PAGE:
From the 1980’s onwards, immense joint efforts were made by Irish and UK Prime Ministers to devise, and get majority and minority agreement to, arrangements for the governance of Northern Ireland that would bridge the underlying divisions, and reduce the sense of isolation felt by the nationalist minority, while simultaneously respecting the UK allegiance of the majority. During my two and half years as Taoiseach, this work too almost half my time.
This work culminated in the 1998 Good Friday Agreement which eventually brought a new system into being, which has a subtle tripartite balance of cross community power sharing and of ,all Ireland and of British/Irish structures. This was designed to make both nationalists and unionists feel equally “at home” in Northen Ireland.
UK withdrawal from the EU would dig a deep political and economic trench between Northern Ireland and the rest of Ireland.
The possible reintroduction of customs posts, and of immigration controls, would undermine the efforts that have been made , in the Good Friday Agreement, to reduce the divisions between North and South and between Ireland and the UK, which constitute a fragile structure of peace, along fault lines that date back to the seventeenth century.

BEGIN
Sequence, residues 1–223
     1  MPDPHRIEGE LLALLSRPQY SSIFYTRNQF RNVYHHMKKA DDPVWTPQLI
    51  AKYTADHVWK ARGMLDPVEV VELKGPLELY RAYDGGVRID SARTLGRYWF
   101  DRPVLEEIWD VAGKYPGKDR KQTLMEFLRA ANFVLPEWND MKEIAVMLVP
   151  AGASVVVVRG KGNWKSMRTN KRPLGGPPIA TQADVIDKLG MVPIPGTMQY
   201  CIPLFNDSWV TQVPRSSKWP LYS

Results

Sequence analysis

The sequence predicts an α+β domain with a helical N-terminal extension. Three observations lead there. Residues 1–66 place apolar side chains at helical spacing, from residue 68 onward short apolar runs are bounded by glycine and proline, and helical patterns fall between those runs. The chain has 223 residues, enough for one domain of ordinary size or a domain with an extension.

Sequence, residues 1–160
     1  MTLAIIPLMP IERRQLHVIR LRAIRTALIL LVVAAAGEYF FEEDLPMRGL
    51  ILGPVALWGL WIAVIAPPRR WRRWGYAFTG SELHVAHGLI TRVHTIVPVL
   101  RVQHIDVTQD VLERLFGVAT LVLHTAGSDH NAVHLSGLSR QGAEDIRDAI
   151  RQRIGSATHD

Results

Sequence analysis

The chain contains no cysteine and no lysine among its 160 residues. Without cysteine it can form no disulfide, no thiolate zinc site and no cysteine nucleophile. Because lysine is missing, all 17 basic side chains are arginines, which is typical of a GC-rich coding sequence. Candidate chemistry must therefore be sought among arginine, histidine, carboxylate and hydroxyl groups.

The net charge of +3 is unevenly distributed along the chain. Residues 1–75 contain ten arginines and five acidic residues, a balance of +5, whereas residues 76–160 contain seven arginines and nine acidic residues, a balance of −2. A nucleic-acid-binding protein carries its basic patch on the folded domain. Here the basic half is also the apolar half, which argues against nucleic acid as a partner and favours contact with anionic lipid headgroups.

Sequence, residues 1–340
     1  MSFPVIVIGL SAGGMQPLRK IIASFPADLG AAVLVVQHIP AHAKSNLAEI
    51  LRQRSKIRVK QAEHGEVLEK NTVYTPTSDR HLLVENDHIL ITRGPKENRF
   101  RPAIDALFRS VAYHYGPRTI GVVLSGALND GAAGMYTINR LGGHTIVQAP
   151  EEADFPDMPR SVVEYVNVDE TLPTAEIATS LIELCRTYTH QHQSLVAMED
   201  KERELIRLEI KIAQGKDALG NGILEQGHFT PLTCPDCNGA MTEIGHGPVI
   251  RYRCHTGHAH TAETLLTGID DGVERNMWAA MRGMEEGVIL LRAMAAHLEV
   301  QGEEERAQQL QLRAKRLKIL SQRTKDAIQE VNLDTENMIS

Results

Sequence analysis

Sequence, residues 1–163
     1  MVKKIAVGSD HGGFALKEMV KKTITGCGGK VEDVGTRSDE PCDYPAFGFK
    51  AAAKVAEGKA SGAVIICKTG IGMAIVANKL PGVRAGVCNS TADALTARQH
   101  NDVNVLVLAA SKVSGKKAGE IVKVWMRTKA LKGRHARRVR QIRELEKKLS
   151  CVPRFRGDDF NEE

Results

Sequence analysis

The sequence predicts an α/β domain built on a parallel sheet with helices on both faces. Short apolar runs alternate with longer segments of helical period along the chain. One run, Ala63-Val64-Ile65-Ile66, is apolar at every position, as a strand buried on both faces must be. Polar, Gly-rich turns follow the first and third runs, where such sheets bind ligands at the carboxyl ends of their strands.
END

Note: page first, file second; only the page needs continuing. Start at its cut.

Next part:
Given that UK Prime Ministers have had to devote so much time to the so called “Irish Question” for the last 150 years, it is amazing that the current UK debate on EU membership is being conducted either as if Ireland did not exist, or the UK had no interest in it.
Some might say that these fears of the UK having customs posts and passport controls on the Irish border are exaggerated. Such people might think that UK could easily negotiate a free trade and free movement deal with the EU, which would render them unnecessary.
There is a big snag here.
To enjoy continued free access to EU markets for its goods and services, and obviate the need for customs posts, Britain would have to continue to apply EU rules, as now, but WITHOUT having had any say at all in them – something the UK does have as an EU member. This is what Switzerland and Norway have to do. It would also have to continue to contribute to the EU budget, as Norway does. That would be even more annoying to British euro sceptics than the present situation.
Furthermore free movement of people is one of the drivers of anti-EU sentiment in Britain, and UKIP voters would be very dissatisfied with any deal that did not give back to Britain itself the right to decide who could, and could not, work in the UK. And if the UKIP voters got their way on that, passport controls within Ireland on EU citizens crossing from the south(which would be in the EU) into the north (which would be out of the EU like the rest of the UK ) would be necessary.
I believe the Irish diplomatic service, which had remarkable success in the 1980s in laying the foundations for previous Anglo-Irish Agreements, should intensively brief all British MPs on the possible dangers to the settlement we have achieved in Northern Ireland, of setting off a chainof events – including a referendum – that could lead to an unplanned and precipitate exit of Northern Ireland, along with the UK, from the European Union.
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The views expressed in this article are the author's own and do not necessarily reflect Fair Observer’s editorial policy.